It’s not particularly beautiful, but it works. This pseudo code could run against some object-relational mapper, such as Entity Framework, and gives us our results back.

However, there are some downsides to this approach.

  • Performance: JOINs and subqueries often have a non-trivial impact on query times. While JOIN performance varies per database vendor, per the type of column being joined on, and whether there are indexes on the appropriate columns, there is nonetheless a cost associated with JOINs and subqueries. Queries with multiple JOINs and subqueries only add to the cost. So when your user wants the data, we’re making him wait while we perform the join.
  • DRY modeling: JOINs often require us to violate the DRY (Don’t Repeat Yourself) principle. For example, if we want to display Recipe details in a different context, such as a list of recipe details, we’d likely need to repeat our piece-together-the-view-model JOIN code for each UI page that needs our view model.

Can we do better with RavenDB?

Using .Include

Perhaps the easiest and most familiar way to piece together a view model is to use RavenDB’s .Include.

In the above code, we make a single remote call to the database and load the Recipe and its related objects.

Then, after the Recipe returns, we can call session.Load to fetch the already-loaded related objects from memory.

This is conceptually similar to a JOIN in relational databases. Many devs new to RavenDB default to this pattern out of familiarity.

Better modeling options, fewer things to .Include

One beneficial difference between relational JOINs and Raven’s .Include is that we can reduce the number of .Include calls due to better modeling capabilities. RavenDB stores our objects as JSON, rather than as table rows, and this enables us to store complex objects beyond what is possible in relational table rows. Objects can contain encapsulated objects, lists, and other complex data, eliminating the need to .Include related objects.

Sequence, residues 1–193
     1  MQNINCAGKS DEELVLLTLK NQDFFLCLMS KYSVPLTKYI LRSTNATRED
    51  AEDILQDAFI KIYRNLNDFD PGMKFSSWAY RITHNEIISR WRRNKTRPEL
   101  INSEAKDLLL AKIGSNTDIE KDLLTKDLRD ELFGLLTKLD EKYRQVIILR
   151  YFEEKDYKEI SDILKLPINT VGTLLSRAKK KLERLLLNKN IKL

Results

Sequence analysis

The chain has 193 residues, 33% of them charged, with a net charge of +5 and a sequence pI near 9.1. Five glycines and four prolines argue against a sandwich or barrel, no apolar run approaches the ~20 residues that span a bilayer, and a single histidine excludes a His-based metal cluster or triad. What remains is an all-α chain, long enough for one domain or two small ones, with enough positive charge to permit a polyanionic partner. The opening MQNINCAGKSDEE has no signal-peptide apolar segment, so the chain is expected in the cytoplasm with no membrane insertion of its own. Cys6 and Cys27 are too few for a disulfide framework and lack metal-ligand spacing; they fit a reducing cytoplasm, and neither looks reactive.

For example, logically speaking, .Ingredients should be encapsulated in a Recipe, but relational databases don’t support encapsulation. That is to say, we can’t easily store a list of ingredients per recipe inside a Recipe table. Relational databases would require us to split a Recipe’s .Ingredients into an Ingredient table, with a foreign key back to the Recipe it belongs to. Then, when we query for a recipe details, we need to JOIN them together.

But with Raven, we can skip this step and gain performance. Since .Ingredients should logically be encapsulated inside a Recipe, we can store them as part of the Recipe object itself, and thus we don’t have to .Include them. Raven allows us to store and load Recipe that encapsulate an .Ingredients list. We gain a more logical model, we gain performance since we can skip the .Include (JOIN in the relational world) step, and our app benefits.

Likewise with the Recipe’s .Categories. In our Tasty Recipes app, we want each Recipe to contain a list of categories. A recipe might contain categories like [“italian”, “cheesy”, “pasta”]. Relational databases struggle with such a model: we’d have to store the strings as a single delimited string, or as an XML data type or some other non-ideal solution. Each has their downsides. Or, we might even create a new Categories table to hold the string categories, along with a foreign key back to their recipe. That solution requires an additional JOIN at query time when querying for our RecipeViewModel.

Raven has no such constraints. JSON documents tend to be a better storage format than rows in a relational table, and our .Categories list is an example. In Raven, we can store a list of strings as part of our Recipe object; there’s no need to resort to hacks involving delimited fields, XML, or additional tables.

RavenDB’s .Include is an improvement over relational JOINs. Combined with improved modeling, we’re off to a good start.